Theresa May should give a "clear direction of travel" over her Brexit plans so businesses can properly prepare for the UK's split from the EU, Leave Means Leave has argued.
John Longworth, the former British Chamber of Commerce (BCC) chief who co-chairs the pro-Brexit campaign, also told IBTimes UK that such a move could strengthen the government's negotiating position with Brussels.
"All of sudden the balance of power, in terms of negotiating power, would shift radically...the boot would be on the other foot," he said.
That is because Longworth wants May and her ministers to indicate that the UK is planning to break from the EU's single-market and customs union.
His comments on Tuesday (7 December) came just before the government announced it would back a Labour motion, which calls for more "clarity" from May over her Brexit plans.
The government has tabled its own amendment to the motion, adding that Article 50, the official mechanism to split from the EU, should be triggered by the end of March 2017.
MPs will debate the motion in the House of Commons on Wednesday.
The move came as May faced a rebellion of up to 40 Conservative MPs who planned to back Labour's original motion.
Despite his calls for a "clear direction of travel", Longworth warned the government about revealing too much.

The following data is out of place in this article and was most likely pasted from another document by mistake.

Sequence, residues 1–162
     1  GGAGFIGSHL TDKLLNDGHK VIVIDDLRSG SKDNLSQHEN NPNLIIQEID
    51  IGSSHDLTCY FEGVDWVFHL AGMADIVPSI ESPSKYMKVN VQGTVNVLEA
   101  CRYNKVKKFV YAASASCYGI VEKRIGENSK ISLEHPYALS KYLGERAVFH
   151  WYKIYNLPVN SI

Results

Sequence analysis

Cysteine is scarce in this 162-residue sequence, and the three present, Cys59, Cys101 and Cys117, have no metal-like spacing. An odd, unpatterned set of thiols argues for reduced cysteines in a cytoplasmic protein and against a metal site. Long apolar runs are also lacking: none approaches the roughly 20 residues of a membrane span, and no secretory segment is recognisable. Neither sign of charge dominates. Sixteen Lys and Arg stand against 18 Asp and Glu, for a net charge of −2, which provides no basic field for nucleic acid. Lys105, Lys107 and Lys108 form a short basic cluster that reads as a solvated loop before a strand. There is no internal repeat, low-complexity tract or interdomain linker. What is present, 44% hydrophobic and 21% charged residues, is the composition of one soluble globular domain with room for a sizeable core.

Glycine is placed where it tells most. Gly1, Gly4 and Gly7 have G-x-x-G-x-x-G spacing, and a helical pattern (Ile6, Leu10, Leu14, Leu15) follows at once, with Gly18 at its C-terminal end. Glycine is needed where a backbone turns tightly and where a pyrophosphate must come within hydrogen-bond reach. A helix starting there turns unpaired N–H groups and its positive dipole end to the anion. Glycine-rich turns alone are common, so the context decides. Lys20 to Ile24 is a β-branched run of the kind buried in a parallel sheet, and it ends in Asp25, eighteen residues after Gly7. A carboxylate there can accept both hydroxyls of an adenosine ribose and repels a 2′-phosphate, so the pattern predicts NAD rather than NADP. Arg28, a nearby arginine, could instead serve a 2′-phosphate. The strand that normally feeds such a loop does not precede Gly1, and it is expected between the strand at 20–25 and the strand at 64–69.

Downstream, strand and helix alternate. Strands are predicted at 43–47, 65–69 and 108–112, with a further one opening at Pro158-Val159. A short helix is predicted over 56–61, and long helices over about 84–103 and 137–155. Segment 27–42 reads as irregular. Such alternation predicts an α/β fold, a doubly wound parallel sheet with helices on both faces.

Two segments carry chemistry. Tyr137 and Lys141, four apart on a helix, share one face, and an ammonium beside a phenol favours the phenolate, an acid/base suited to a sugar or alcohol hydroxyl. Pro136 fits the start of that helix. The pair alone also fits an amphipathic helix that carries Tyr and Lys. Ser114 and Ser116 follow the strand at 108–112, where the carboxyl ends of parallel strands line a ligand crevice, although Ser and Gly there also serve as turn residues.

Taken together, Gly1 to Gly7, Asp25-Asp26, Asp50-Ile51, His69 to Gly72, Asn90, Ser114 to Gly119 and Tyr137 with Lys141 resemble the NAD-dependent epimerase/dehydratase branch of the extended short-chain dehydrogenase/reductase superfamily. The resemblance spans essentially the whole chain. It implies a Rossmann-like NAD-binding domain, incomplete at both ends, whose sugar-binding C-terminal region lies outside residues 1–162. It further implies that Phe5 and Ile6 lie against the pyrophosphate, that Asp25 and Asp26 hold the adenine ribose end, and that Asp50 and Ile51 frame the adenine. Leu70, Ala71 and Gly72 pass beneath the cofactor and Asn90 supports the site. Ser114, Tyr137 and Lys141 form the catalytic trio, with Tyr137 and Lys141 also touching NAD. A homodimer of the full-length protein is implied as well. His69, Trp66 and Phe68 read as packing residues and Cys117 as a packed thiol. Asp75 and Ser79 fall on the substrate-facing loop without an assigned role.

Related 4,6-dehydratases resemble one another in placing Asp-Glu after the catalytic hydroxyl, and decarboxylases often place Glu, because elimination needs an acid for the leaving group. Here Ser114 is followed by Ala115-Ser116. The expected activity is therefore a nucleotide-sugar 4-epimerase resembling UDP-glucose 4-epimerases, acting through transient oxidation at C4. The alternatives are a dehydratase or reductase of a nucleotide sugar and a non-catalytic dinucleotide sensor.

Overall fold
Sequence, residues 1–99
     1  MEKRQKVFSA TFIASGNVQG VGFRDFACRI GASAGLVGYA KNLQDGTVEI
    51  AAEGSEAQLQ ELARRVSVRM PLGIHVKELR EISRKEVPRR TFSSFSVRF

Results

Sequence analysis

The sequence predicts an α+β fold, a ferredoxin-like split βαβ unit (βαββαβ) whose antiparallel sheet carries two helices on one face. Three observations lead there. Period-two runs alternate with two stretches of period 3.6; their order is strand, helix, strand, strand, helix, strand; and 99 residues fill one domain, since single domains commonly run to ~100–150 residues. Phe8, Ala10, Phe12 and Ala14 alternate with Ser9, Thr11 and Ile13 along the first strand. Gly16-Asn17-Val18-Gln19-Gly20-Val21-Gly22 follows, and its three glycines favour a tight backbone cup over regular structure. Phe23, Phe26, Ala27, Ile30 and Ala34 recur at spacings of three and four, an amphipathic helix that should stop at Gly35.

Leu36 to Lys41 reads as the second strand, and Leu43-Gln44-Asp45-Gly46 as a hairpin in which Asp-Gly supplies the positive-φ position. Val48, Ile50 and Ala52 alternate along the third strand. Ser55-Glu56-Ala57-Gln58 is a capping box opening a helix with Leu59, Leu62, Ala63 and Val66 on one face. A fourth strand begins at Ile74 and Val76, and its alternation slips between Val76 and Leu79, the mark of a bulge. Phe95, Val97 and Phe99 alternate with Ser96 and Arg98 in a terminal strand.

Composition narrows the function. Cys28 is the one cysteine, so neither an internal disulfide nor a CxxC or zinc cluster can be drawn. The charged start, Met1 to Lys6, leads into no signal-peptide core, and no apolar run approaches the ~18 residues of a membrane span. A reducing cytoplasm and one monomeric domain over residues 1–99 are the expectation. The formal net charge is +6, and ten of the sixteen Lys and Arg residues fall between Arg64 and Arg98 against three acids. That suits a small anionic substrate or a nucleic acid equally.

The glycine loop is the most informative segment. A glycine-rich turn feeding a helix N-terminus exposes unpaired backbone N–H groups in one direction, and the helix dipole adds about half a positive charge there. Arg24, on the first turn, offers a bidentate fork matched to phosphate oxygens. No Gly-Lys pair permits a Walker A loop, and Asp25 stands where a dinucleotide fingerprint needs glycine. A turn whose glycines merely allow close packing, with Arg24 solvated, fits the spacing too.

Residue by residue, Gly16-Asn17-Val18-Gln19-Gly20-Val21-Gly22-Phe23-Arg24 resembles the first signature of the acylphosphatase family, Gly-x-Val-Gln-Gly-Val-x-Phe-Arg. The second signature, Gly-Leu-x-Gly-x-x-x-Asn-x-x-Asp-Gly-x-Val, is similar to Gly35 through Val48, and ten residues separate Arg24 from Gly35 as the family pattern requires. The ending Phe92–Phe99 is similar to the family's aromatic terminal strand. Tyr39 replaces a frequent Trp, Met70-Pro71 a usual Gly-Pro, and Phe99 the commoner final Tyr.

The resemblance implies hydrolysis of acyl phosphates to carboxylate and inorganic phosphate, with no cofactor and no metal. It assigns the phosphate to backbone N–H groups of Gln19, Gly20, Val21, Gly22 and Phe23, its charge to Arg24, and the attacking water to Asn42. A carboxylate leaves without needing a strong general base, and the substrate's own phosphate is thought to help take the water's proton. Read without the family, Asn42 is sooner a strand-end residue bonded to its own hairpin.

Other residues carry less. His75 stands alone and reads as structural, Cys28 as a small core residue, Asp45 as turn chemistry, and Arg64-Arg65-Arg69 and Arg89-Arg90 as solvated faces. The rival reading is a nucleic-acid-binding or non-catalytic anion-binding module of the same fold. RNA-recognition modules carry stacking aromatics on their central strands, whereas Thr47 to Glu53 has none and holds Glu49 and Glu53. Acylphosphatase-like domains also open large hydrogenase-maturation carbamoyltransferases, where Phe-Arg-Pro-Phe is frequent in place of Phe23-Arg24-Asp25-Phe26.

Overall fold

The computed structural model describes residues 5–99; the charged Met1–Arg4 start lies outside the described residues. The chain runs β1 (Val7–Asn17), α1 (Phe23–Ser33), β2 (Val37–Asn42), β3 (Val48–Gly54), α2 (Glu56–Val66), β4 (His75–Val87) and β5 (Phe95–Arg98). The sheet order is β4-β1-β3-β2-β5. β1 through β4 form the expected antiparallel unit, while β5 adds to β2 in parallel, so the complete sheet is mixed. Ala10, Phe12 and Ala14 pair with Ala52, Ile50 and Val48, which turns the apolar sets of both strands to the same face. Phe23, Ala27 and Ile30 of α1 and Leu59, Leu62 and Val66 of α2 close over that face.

"I think the government shouldn't reveal its detailed negotiating position one iota because if you go into a business negotiation to tell the other side what your plans are would be very, very foolish," he said. "It's rather stupid of parliamentarians to think that would not be the case."
The EU's chief Brexit negotiator Michael Barnier revealed on Tuesday that he expects a deal between the bloc and the UK to be agreed in October 2018 and ratified in March 2019.
Longworth said he was "on the same page" with the EU on the timetable. "We have to execute the thing within a reasonable time scale and I'm very much favour of a clean Brexit," he said.
Shadow Brexit Secretary Sir Keir Starmer, who will be leading the debate in the Commons on Wednesday, said: "Labour's focus has always been on getting an assurance from the government that a basic plan for Brexit will be published before Article 50 is invoked.
"The victory today is that the government have now finally accepted Labour's call and committed to publish a plan.
"The government now need to focus on ensuring that plan delivers a sensible Brexit deal that protects jobs, the economy and living standards. Labour will hold them to account on this every step of the way."